Depression Treatment by Non-Mental-Health Providers: Incremental Evidence for the Effectiveness of Listening Visits

Rebecca L. Brock, Michael W. O'Hara, Lisa S. Segre

Research output: Contribution to journalArticlepeer-review

3 Scopus citations


Maternal depression is a prevalent public health problem, particularly for low-income mothers of young children. Intervention development efforts, which often focus on surmounting instrumental barriers to care, have not successfully engaged and retained women in treatment. Task-sharing approaches like Listening Visits (LV) could overcome key instrumental and psychological barriers by leveraging the access of trusted, community caregivers to deliver treatment. A recent randomized controlled trial (RCT) demonstrated the efficacy of LV delivered by non-mental-health providers as compared to usual care. The present report presents results from a follow-up phase of that RCT during which participants who had completed LV were followed for an additional 8 weeks and completed measures of depression and quality of life. In addition, participants who were initially randomized to the wait-list control group received LV and were assessed. Treatment gains previously observed in participants completing LV were enhanced during the 8-week follow-up period. Participants receiving LV during the follow-up period experienced significant improvement in depressive symptoms. Results demonstrate the sustainability of LV delivered by non-mental-health providers, and provide preliminary evidence for the replicability of this approach in a sample of predominately low-income pregnant women and mothers of young children.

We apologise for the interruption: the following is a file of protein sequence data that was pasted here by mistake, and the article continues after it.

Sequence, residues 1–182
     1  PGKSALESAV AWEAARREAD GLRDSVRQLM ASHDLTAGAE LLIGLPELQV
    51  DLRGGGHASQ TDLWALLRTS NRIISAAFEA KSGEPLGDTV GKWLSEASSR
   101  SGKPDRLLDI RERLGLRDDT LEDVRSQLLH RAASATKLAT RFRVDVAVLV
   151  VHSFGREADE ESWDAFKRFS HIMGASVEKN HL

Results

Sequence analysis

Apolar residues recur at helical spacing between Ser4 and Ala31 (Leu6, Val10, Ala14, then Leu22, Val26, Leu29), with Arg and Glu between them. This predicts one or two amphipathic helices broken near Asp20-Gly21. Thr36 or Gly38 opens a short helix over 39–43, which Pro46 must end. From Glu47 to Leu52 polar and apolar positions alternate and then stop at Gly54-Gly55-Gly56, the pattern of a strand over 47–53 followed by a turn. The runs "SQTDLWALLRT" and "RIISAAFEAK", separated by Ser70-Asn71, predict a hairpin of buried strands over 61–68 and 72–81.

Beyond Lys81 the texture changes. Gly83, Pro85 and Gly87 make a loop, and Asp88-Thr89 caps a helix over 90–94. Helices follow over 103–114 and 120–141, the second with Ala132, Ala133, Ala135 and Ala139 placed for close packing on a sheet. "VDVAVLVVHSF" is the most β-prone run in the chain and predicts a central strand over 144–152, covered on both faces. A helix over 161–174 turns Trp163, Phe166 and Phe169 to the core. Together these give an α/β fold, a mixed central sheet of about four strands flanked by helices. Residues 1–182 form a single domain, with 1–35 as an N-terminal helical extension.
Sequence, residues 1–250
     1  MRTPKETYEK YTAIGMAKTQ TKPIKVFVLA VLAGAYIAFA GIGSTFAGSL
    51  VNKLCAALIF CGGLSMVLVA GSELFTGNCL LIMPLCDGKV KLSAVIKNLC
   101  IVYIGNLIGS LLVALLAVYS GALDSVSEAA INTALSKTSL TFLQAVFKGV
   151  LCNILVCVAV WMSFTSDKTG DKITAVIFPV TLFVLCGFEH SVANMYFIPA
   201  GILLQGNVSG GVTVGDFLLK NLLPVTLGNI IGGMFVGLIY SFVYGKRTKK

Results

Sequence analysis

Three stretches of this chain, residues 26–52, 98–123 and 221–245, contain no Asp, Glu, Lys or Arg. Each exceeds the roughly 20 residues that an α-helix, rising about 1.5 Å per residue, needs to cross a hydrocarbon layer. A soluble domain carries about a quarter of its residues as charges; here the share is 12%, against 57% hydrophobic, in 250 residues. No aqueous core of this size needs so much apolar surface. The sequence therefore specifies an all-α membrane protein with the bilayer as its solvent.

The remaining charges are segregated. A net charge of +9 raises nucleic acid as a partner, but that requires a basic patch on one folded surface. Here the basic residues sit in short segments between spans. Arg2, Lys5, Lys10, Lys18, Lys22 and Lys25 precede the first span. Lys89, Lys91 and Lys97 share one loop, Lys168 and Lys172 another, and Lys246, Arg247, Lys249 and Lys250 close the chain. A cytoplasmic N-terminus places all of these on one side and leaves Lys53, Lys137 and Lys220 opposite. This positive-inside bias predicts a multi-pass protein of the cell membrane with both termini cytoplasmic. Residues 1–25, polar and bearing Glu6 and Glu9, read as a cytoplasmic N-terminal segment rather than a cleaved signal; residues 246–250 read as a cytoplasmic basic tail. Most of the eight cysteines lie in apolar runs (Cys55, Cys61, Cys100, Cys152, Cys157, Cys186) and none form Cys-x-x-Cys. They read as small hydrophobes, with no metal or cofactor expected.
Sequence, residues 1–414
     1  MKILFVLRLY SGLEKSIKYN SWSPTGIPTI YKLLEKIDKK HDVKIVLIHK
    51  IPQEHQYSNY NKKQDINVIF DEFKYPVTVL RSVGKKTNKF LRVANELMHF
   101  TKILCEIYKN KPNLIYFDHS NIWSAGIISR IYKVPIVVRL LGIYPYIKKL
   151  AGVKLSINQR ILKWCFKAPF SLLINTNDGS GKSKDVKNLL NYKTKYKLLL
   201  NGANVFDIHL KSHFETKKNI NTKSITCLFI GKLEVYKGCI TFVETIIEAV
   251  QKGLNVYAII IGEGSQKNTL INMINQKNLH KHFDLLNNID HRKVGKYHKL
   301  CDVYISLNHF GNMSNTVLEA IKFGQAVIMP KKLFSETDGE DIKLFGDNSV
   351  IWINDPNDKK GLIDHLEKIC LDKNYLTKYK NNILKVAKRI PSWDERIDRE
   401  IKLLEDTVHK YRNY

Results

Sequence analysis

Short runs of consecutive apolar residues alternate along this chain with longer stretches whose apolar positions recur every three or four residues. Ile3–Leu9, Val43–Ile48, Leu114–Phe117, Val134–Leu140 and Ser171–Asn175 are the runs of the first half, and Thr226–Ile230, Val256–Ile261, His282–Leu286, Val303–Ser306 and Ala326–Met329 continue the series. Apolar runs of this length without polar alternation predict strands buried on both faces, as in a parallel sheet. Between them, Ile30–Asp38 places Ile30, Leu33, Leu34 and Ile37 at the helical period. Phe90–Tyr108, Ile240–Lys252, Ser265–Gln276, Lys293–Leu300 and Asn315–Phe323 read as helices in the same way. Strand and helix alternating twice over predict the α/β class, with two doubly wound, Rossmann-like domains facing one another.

Original languageEnglish (US)
Pages (from-to)172-183
Number of pages12
JournalAmerican Journal of Community Psychology
Issue number1-2
StatePublished - Mar 1 2017


  • Depression
  • Listening visits
  • Low income
  • Mothers of young children
  • Non-mental-health providers
  • Pregnant women
  • Sustainability

ASJC Scopus subject areas

  • Health(social science)
  • Applied Psychology
  • Public Health, Environmental and Occupational Health


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